One day, about ten years ago, I stood amidst a scene of complete forest devastation. All around me, as far as I could see, was a ruined ecosystem. Tens of thousands of tree trunks from a once-vast and vibrant forest lay flattened and lifeless in a landscape of ash. No bird songs enlivened the eerie silence of the windswept, wounded land, and there was no sign of any wildlife amongst the desolation.
I had come across numerous scenes of forest destruction before, during travels to the tropical rainforests and to logging sites in places such as the west coast of Vancouver Island in Canada. Distressing though those were, they didn’t compare with the scale and overwhelming totality of forest loss I saw that day. I felt tiny and ineffective in the face of the immense destruction which had been wrought upon a healthy and robust ecosystem. My life, and the aspirations I have for my work, seemed to pale into insignificance as I stood there.
However, over the course of the next few hours, other feelings began to surface in me, replacing those initial ones of pain and shock. As I walked amidst the shattered tree trunks and broken stumps, I noticed some young seedling trees growing out of the ashes, and in a few areas herbaceous plants were abundant. Then, towards the end of my time there, I spotted a chipmunk scurrying across the ground, and my spirits lifted at the sight of this seeming miracle. My heart soared as I realised that the huge panorama of ruination contained the small signs of returning life, of hope for a future forest.
When I visited Mount St. Helens in Washington state in the western USA that day in 1993, it was 13 years after the eruption which devastated 600 square kilometres of the surrounding forest. I was looking for inspiration from the spontaneous ecological restoration of the forest which was taking place there, both for my own project – the restoration of the Caledonian Forest in the Highlands of Scotland – and for my faith in the future; faith that natural forests will continue to flourish and thrive on our increasingly human-dominated and biologically-depleted planet.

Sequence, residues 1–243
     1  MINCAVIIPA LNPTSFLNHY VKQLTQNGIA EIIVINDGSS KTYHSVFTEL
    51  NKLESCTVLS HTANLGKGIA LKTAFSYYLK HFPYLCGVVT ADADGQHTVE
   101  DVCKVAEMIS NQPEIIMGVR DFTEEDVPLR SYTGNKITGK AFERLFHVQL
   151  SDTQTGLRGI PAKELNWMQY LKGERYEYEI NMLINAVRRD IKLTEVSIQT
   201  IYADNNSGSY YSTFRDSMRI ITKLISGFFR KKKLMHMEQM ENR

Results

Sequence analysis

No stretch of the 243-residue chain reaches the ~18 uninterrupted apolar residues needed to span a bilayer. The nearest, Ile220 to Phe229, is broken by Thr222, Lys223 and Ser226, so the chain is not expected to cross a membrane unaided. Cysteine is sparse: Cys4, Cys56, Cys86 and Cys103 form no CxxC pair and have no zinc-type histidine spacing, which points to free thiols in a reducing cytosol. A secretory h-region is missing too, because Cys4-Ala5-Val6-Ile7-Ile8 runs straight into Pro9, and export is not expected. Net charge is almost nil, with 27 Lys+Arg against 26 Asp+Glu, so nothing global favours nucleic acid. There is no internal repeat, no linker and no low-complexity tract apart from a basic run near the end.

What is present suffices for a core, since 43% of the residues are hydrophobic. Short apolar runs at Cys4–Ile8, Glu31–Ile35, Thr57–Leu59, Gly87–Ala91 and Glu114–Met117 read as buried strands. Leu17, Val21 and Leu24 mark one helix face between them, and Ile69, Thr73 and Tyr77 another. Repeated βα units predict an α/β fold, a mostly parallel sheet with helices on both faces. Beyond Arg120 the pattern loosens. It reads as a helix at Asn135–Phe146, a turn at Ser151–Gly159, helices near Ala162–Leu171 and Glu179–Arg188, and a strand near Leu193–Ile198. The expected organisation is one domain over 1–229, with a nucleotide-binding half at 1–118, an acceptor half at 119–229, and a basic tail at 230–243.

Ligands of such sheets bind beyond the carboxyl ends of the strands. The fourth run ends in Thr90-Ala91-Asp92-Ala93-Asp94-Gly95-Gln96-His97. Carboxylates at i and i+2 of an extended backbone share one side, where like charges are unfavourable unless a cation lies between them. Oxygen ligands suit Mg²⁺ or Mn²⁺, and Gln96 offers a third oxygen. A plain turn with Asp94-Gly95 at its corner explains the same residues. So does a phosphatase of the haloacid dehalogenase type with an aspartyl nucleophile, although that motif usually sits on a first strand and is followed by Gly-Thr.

For me, hope is one of the most important qualities which is needed in our world today, and one which I seek to embody through my work. Ecological restoration, as the human-assisted recovery of degraded ecosystems, is in essence a work of hope. It is an expression of hope that our culture will change its present destructive relationship with the rest of Nature, and replace it with a more enlightened one, based on a recognition of the importance of all species and ecosystems for the well-being and evolutionary potential of the planet.
Sometimes, however, it’s hard to stay connected with the quality of hope. That is why the affirmation I gained from my visit to Mount St. Helens was so important. When I first became aware of the extent of deforestation in Scotland, I thought that the country represented perhaps a ‘worst case scenario’ in having just 1% of its original forests left. However, since then I’ve found that many other forest ecosystems, from the kauri forests of New Zealand and the dry tropical forests of Mexico and Central America to the famous cedars of Lebanon and the redwoods of California, have experienced comparable levels of near-total forest loss. If present trends continue, the remaining large relatively undisturbed natural forest areas of the world – New Guinea, Siberia, the Congo basin, the Amazon – will, inevitably, be added to this list. In the face of such all-pervasive forest destruction, where then is the hope, and what future is there for natural forests in our world?